from the yeah-but-we-want-risc-v dept.
Intel's new 8th-gen Core chips now include six cores on the high end, attacking one of AMD's Ryzen advantages.
[...] Orders for the Intel's new Core desktop chips will begin on Oct. 5, Anand Srivatsa, general manager of the desktop platform group at Intel, said. They will begin shipping later in the fourth quarter. Though Intel executives didn't use the term, the new chips have been referred to as part of the "Coffee Lake" family.
Of the six new desktop chips that Intel announced, the flagship offering is clearly the Core i7-8700K, which Srivatsa touted as its best gaming processor ever. The new Core i7-8700K will offer an additional 25 percent in frames per second running Microsoft's Gears of War 4, versus its 7th-gen Core i7-7700K—a 4-core, 8-thread part. Multitasking, though—such as gaming, streaming, and recording using the popular Player Unknown: Battlegrounds—will be a whopping 45 percent faster than a 7th-gen part, executives said.
Intel indicated that this 8th-generation part is built on what it calls a 14nm++ process. The company would not comment on the die size or transistor count at this time…
The company has added a few more knobs for the overclocking crowd to turn, as well. Turbo Boost 2.0 is still supported, but you now get per-core overclocking, a maximum memory ratio up to 8,400 MT/s, memory latency control, and PLM Trim controls. We've included a slide from Intel's press deck below. It lists some of the key specs and pricing. Notably, the high-end Core i7 part is $20 higher than initial Kaby Lake pricing; the Core i5 sits $15 higher. This move is likely designed to cover the additional costs of the silicon along with avoiding cannibalizing the existing Kaby Lake models. Cache sizes are higher and base clocks are lower, comparatively, but the single-core max frequencies are higher. TDP is also higher, presumably to support the higher core count.
At the top of the stack are two Core i7 Coffee Lake processors. In previous generations 'Core i7' meant that we were discussing quad-core parts with hyperthreading, but for this generation it moves up to a six-core part with hyperthreading. The Core i7-8700K starts at a 3.7 GHz base frequency and is designed to turbo to 4.7 GHz in single threaded workloads, with a thermal design power (TDP) of 95W.
[...] In the middle of the stack are the Core i5 processors, with the new generation matching the 'same configuration without hyperthreading' philosophy that followed in the previous generation. The two Core i5 parts operate at lower clockspeeds compared to the Core i7, and perhaps more so than we are previously used to, especially with the Core i5-8400 having a base frequency of 2.8 GHz. Intel sampled us the Core i5-8400 for our review, because it hits an important metric: six cores for under $200.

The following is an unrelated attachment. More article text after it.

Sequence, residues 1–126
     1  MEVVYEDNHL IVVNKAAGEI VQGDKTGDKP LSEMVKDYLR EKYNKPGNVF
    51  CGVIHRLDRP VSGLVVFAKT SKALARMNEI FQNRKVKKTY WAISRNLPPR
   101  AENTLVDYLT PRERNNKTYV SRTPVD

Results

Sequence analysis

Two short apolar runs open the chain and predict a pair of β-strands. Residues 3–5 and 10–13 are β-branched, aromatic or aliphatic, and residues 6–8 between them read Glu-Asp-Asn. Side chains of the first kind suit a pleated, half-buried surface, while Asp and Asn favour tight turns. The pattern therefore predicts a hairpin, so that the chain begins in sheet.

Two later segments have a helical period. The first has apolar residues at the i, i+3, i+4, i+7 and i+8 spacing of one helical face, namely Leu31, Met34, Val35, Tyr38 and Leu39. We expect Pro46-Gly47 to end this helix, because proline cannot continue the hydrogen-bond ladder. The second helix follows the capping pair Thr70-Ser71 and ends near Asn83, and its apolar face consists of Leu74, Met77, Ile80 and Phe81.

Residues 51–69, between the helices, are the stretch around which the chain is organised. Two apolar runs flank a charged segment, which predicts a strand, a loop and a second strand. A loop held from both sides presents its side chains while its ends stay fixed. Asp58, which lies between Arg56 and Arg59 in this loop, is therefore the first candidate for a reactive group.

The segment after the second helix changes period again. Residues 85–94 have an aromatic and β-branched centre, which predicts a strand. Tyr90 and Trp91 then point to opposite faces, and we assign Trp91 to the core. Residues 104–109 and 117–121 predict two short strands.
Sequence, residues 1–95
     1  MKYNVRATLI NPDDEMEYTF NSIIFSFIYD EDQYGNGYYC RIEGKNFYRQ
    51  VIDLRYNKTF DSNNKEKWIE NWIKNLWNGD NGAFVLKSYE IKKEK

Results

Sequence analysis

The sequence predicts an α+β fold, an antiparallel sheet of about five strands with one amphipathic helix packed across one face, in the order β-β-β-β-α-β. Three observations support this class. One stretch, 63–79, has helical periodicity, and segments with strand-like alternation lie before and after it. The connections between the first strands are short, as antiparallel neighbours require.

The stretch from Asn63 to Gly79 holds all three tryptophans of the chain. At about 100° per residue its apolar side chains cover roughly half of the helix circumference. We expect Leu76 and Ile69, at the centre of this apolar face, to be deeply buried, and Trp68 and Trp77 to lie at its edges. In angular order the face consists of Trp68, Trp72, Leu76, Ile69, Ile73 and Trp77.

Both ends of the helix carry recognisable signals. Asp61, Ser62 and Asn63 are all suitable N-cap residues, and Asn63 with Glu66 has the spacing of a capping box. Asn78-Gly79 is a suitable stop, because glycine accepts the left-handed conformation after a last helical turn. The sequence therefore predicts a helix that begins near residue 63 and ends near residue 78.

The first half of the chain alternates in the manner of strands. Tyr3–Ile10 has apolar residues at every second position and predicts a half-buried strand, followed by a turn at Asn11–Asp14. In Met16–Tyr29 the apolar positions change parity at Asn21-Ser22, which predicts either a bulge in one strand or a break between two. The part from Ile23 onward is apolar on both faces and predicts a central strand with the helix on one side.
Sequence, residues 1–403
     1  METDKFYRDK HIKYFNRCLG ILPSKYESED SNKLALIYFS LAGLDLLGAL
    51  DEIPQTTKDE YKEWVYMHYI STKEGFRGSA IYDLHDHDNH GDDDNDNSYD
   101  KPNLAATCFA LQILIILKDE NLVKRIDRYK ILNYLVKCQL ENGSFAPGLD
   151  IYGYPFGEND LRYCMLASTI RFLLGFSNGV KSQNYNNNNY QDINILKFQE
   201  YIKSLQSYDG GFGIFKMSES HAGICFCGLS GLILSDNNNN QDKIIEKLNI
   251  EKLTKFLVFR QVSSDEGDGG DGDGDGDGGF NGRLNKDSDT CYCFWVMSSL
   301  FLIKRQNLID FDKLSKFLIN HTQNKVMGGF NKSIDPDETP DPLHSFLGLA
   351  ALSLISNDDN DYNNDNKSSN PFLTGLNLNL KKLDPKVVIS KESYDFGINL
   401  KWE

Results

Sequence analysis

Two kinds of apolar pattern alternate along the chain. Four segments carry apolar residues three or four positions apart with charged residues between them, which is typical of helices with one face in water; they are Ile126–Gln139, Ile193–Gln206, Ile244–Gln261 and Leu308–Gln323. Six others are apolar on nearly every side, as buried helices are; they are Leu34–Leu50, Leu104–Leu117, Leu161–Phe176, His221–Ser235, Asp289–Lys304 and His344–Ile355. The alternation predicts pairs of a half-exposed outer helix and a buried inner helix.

[...] It is interesting to note that in the last generation, Intel had processors with two cores and two threads (2C/2T), two cores with hyperthreading (2C/4T), quad cores with four threads (4C/4T) and quad cores with hyperthreading (4C/8T). This layout had staggered, regular steps. With the move to 6C/12T on the high-end Core i7, and 6C/6T on the mid-range Core i5, Intel completely skips the 4C/8T parts and moves straight to 4C/4T on the Core i3. This is likely because a 4C/8T processor might overtake a 6C/6T part in some multi-threaded tests (it would also explain why moving from a previous 4C/8T Core i7 processor to a 6C/6T Core i5 8th generation is not always an increase in performance).
However at the bottom of the stack are the 4C/4T Core i3 processors, where Intel is pushing out an overclockable Core i3 processor again. This is a little bit of a surprise: in our testing of the previous generation overclockable Core i3, the fact that it was dual core was a setback in a lot of testing. With the Core i3-K now being quad-core, and overclocking it to try and beat a six-core chip for less money, for certain things like gaming we might see less of a difference between the two.
Previously: AMD's Ryzen Could be Forcing Intel to Release "Coffee Lake" CPUs Sooner
Intel's First 8th Generation Processors Are Just Updated 7th Generation Chips
Intel Launches 8th-Gen Core Desktop Chips; Claims New Core i7-8700K is its Best Gaming Chip Ever